Linux Mint has always been known as the great alternative to Ubuntu. In fact, after Ubuntu implemented the Unity desktop, many people switched ship and flocked to Linux Mint as their next “easy-to-use and user-friendly” distro. According to DistroWatch, Linux Mint has even overtaken Ubuntu as the most popular distro. Well, that was Linux Mint 11, which is still based on Gnome 2, the desktop that most people are familiar with. What about Linux Mint 12?
In the latest release of Linux Mint (version 12, codenamed Lisa, Release Candidate), the developers of Linux Mint decided to embrace the new technology and use Gnome 3 in place of Gnome 2. As we all know, Gnome 3 comes with a brand new user-interface (aka Gnome Shell) that is confusing to many. It is interesting to see how the developers of Linux Mint intend to tame this beast, without failing the expectation of its users.
Introducing Gnome 3 and MGSE
The most notable differences in Linux Mint 12 is the MGSE, also known as the Mint Gnome Shell Extension. As its name implies, this is a Gnome Shell extension built on top of Gnome 3 and I can tell you – it is awesome! The MGSE brings back the bottom panel and the popular MintMenu. It allows you to use Linux Mint the traditional way without losing the functionality of Gnome 3.
The MGSE menu comes with a left shortcut sidebar where you can quickly access your favorite applications, such as Firefox, Banshee, Gnome Tweak Tool, Terminal, Folders etc. One thing though, the shortcut bar doesn’t seem to be configurable. You can’t add/remove applications to/from the list. There is also a search bar where you can search for app.
Update: The items at the shortcut bar is configurable. It is a reflection of the “Favorites” items in the Gnome Shell windows overview. You just have to add applications to the “Favorites” for it to show up at the shortcut bar. Thanks to @Steve Furches for the update.
Most of the desktop features in Linux Mint 12 are just Gnome Shell extensions and you can easily turn them on or off, depending on your preferences. If you want a native Gnome Shell experience, simply deactivate all the extensions with the Gnome Tweak Tool. The Gnome Tweak Tool is a must-have tool for Gnome 3 users and I am glad that it comes pre-installed in Linux Mint.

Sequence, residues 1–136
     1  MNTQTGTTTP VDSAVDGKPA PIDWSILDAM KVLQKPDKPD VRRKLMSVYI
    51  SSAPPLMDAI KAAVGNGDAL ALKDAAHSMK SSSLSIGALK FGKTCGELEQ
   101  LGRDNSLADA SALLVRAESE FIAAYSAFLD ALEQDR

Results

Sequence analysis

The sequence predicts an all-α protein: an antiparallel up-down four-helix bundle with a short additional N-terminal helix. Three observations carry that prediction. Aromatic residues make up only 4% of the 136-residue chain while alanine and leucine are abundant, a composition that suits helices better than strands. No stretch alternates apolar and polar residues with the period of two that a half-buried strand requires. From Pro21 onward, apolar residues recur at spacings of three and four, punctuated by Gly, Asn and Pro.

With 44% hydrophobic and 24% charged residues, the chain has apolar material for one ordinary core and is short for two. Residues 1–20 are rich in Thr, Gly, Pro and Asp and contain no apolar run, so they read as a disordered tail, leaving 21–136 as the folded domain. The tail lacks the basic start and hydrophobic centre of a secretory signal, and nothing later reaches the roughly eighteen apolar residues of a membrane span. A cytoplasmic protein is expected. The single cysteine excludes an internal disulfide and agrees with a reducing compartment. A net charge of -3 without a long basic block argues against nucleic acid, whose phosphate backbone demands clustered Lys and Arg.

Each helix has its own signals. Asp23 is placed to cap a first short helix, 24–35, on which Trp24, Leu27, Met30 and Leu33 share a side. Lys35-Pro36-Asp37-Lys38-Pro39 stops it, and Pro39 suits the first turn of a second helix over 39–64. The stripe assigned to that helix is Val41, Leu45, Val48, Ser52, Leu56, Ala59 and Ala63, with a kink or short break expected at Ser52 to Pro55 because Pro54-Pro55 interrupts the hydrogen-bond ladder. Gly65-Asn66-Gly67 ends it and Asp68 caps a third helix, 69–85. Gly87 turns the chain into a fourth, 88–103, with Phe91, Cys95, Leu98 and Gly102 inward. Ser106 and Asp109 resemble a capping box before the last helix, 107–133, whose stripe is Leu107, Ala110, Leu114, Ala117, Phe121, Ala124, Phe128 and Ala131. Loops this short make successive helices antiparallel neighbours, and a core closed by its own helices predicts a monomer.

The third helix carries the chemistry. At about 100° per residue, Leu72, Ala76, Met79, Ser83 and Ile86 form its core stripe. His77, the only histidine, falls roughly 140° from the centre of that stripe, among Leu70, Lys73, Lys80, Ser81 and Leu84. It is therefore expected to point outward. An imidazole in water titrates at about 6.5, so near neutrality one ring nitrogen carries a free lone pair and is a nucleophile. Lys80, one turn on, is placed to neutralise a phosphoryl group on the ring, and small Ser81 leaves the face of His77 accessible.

Mate – The answer to Unity 2D
In Ubuntu, if your computer does not support 3D acceleration, there is always the Unity 2D fallback mode. In Linux Mint, Mate is the 2D fallback mode for the MGSE. The Mate desktop is a fork of Gnome 2 that is compatible with Gnome 3. You will see a bottom panel with the usual Mint menu, icons and system tray. If you prefer the old Gnome 2.x style, Mate is the one for you.
You can choose “Mate” from the login page.
New Themes in Linux Mint
The default theme used in Linux Mint 12 is Mint-Z and it uses the default silverish grey as the background with shade of transparency in the Gnome Shell top panel and Activities overview.
The Software Manager is similar to the Ubuntu Software Center except that it is more organized and the categories are well laid out. I never like the Ubuntu Software Center because it is heavy, slow and displays too much information on the screen. On the other hand, the Software Manager in Linux Mint loads fast and is less taxing on the eyes.
Banshee is now the default music player and popular apps like GimP, Synaptic, Pidgin, Gdebi and VLC still come pre-installed in LM12. For commercial reason, the default search engine in Firefox has been changed to DuckDuckGo instead of Google Custom Search engine.
In one word, Linux Mint is gorgeous. It is still as user-friendly as before, and the MGSE does give its users the best of both world: Gnome 3 and Linux Mint. Kudos to the developers of Linux Mint. While it is a derivative of Ubuntu, you can’t find any trace of Ubuntu in it, not to mention the Unity desktop. If you are sick of Ubuntu, particularly the Unity desktop, Linux Mint is definitely the best alternative.
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